This letter does not shed any light  on the Melungeons, nor does it mention any Portuguese Indians but it was  printed in the book of Amos Stoddard in 1812, two years after it was received. It is interesting, not in what he says, but in what he does not say.  Stoddard had wrote to him enquiring about these 'white Indians' that had been in Tennessee.  He writes back telling Stoddard what he knows but never mentions a  strange race of people, Portuguese, White, Indian or otherwise.  He is recalling from memory and notes the period of 1782 to 1810 but does not mention any  strange people or the name Melungeons.

John Sevier
Knoxville, Tennessee,
October 9th, 1810

To Amos Stoddard

I shall with pleasure, give you the information required, so far as my memory will now serve me, and the help of a memorandum I hastily took on the subject, of a nation of people called the Welsh Indians.  In the year 1782, I was on a campaign against the Cherokees, and during my route, discovered traces of very ancient fortifications.  Some time after the expedition, I had occassion to enter into a negotiation with the Cherokee Chiefs, for the purpose of exchanging prisoners.  After the exchange had been settled, I took an opportunity of enquiring of a venerable old chief, named Oconostoto, (then, and for nearly sixty years had been, a ruling chief of the Cherokee nation,) if he could inform me of the people that had left such signs of fortifications in their country and particularly the one on the bank of the Highwassee river?  The old warrior briefly answered me as follows;  

It is handed down by our forefather, that the works were made by white people, who had formerly inhabitied the country, while the Cherokees lived low down in the country, now callled South Carolina, and that a war existed between the two nations for many years.  At length, it was discovered, that the whites were making a number of large boats, which induced the Cherokees to suppose, that they intended to descend the Tennessee river.  They then collected their whole band of warriors, and took the shortest and most convenient route to the muscle shoals in order to intercept them down the river.  In a few days, the boats hove in sight, and a warm combat ensued, with various success for several days.  At length the whites proposed to the Indians, that if they would exchange prisoners, and cease hostilities, they would leave the country, and never more return; which was acceded to, and, after the exchange, parted in friendship.  The whites then descended the the Tennessee to the Ohio, and then down to the big river, (Mississippi) then up it to the muddy river, (Missouri) then up that river to a vey great distance.  They are now on some of it's branches; But they are no longer a white people; they are now all become Indians; and look like the other red people of the country:"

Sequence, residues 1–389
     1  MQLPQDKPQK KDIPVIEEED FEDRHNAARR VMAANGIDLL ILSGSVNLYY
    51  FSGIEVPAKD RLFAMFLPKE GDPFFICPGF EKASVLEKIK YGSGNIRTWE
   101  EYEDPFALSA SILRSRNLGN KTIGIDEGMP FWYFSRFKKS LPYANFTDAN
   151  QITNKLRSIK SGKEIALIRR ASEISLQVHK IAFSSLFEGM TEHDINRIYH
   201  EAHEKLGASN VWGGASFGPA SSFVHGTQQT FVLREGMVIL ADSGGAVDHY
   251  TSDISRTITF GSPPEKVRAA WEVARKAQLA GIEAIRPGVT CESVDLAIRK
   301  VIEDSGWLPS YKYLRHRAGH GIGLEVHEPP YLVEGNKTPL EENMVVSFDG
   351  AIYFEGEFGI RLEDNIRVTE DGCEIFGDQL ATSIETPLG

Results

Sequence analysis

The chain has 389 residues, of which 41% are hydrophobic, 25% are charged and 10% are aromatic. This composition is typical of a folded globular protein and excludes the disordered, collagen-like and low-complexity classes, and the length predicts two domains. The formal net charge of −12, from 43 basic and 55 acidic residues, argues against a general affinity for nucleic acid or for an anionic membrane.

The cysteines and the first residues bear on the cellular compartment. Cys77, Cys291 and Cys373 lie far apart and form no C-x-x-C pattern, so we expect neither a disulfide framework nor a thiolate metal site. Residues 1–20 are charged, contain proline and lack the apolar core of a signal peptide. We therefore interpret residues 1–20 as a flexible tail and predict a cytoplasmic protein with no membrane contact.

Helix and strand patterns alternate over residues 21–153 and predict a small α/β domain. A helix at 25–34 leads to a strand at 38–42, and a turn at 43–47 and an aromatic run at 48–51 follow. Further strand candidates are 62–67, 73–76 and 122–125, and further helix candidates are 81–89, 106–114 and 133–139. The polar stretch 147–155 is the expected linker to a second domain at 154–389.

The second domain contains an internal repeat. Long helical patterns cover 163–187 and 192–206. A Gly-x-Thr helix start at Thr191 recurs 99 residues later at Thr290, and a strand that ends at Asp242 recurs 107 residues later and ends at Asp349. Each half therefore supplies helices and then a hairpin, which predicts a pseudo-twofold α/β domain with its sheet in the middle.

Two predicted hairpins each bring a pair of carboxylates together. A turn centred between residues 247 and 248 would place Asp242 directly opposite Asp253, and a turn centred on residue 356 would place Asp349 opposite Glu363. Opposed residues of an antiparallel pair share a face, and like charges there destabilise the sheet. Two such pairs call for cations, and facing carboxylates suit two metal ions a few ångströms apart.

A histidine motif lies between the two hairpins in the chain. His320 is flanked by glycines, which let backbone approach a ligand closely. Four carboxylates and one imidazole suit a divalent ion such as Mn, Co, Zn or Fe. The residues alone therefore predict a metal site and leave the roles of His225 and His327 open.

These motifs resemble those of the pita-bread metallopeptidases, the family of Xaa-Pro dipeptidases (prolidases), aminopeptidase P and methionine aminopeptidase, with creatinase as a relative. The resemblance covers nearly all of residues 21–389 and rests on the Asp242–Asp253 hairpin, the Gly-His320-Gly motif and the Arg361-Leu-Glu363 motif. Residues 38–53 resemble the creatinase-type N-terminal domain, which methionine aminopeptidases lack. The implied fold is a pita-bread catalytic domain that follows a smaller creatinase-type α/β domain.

I then asked him, if he had ever heard any of his ancestors say what nation of peole those white people belonged to?  He answered;  "I have heard my grandfather and other old people say, that they were a people called, Welsh; that they had crossed the great water, and landed near the mouth of Alabama river, and were finally driven to the heads of its water, and even to Highwassee river, by the Mexican Indians, who had been driven out to fheir own country  by the Spaniards."  

Many years past I  happened in company with a Frenchman, who lived with the Cherokees, and had been a great explorer of the country west of the Mississippi.  He informed me, " that he had been high up the Missouri, and traded several months with the Welsh tribe; that they spoke much of the Welsh dialect, and although their customs were savage and wild, yet many of them, particularly the females were very fair and white, and frequently told him, they had sprung from a white nation of people; also stated they had yet some small scraps of books remaining among them, but in such tattered and destructive order, that nothing intelligible remained."  He observed that their settlement was in a very obscure part of the Missouri, surounded with innumerable lofty mountains.  The Frenchman's name has escaped my memory, but I believe it was something like Duroque.  

In my conversation with the old chief Oconostoto, he informed me, that an old woman in his nation named Peg, had some part of an old book given her by an Indian living high up the Missouri, and thought he was one of the Welsh tribe.  Unfortunately before I had an opportunity of seeing the book, the old woman's house, and its contents, were consumed by fire.  I have conversed with several persons, who saw and examined the book, but it was so worn and disfigured, that nothing intelligible remained; neither did any one fo them understand any language but their own, and even that, very imperfectly.

You can read more about the Welsh Indians at the sites below.

Amos Stoddard
A Welsh Nation In American p 365

Pronce Madoc

OCONOSTOTA, head king or archimagus of the Cherokees.